Retinopathy of Prematurity

About Sarah Blake LaRose

Sarah Blake LaRose is a freelance writer and a professor of Biblical Hebrew at Anderson University School of Theology in Anderson, Indiana. She is one of three blind academic scholars who received the Jacob Bolotin Award from the National Federation of the Blind in 2016 in recognition of innovative work in the field of access to biblical language texts and tools for people who are blind.

Babies who once had no chance of survival if born premature now not only survive but even thrive, doing well academically and holding jobs as adults. Many live with long-term effects because of premature birth such as blindness, cerebral palsy, and neurological disorders. These disabilities may or may not prevent them from achieving independence in adulthood. At Night-Light, we assist families in learning to cope with chronic illness and disability and in finding support resources. Since Night-Light’s founder is a person who was born premature, we take particular interest in the needs of families with premature infants and children and adults who are dealing with long-term effects of premature birth.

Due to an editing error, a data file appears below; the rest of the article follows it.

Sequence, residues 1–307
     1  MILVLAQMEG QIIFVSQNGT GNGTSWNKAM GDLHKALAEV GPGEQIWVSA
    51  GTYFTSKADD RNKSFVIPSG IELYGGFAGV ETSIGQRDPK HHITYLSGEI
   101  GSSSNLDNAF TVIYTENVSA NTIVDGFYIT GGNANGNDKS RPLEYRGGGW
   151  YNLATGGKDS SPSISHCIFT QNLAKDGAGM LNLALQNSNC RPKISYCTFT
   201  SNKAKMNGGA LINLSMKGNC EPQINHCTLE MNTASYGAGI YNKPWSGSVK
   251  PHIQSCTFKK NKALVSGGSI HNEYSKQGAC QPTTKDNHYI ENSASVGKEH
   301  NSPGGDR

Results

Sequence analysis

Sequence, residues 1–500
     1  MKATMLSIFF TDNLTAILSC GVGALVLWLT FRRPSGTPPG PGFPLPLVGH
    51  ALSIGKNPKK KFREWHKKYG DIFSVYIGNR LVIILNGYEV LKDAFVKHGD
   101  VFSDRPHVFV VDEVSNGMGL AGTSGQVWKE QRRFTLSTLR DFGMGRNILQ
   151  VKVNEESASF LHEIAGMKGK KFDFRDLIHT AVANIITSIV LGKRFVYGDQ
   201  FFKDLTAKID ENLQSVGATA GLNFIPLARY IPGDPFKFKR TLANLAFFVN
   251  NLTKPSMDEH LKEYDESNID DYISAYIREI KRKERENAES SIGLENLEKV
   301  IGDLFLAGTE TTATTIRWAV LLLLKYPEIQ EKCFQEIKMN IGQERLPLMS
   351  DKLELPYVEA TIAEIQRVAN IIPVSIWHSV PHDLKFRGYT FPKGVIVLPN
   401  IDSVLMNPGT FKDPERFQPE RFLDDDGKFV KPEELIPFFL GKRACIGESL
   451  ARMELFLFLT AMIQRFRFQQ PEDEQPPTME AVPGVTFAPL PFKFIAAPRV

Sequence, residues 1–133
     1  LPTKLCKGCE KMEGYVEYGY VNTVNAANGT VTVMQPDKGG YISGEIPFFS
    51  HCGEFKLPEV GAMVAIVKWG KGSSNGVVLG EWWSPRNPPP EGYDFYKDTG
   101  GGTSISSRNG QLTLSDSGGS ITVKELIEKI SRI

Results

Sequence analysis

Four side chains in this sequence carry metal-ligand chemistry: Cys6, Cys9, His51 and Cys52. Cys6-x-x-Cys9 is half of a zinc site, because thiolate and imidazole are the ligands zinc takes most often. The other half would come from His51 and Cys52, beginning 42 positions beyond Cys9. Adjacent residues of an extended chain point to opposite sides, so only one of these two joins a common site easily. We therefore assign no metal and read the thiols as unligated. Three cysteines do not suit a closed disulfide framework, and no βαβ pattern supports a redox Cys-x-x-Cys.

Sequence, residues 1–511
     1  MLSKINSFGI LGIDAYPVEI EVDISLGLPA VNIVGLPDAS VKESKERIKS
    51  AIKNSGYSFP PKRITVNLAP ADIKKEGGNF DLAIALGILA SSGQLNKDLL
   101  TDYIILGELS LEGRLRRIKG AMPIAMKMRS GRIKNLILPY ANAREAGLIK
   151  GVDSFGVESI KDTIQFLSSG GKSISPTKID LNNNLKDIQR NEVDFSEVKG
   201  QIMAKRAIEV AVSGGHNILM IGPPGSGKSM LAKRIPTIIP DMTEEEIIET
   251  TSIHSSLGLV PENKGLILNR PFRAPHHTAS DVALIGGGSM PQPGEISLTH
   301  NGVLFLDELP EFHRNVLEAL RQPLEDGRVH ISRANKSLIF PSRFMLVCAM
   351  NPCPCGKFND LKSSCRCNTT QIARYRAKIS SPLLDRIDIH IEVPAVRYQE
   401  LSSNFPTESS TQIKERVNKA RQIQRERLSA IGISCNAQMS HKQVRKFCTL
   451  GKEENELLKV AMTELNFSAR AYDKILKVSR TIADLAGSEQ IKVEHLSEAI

Retinopathy of prematurity has been a leading cause of blindness and visual impairment in children since the 1950s. Due to advances in screening and treatment procedures, children are less likely to become blind because of ROP now. However, it is still important for families to understand what ROP is, how it is evaluated and treated, and long-term complications which can occur as a child grows older or during adulthood. The ROP links page addresses these issues, with annotated links to pages with detailed information about diagnosis, treatment procedures, and complications. Articles on this site address questions people often have that concern practical aspects of life with ROP. If there is something you would like to see addressed here, please send email or leave a comment. We will be glad to assist if possible.

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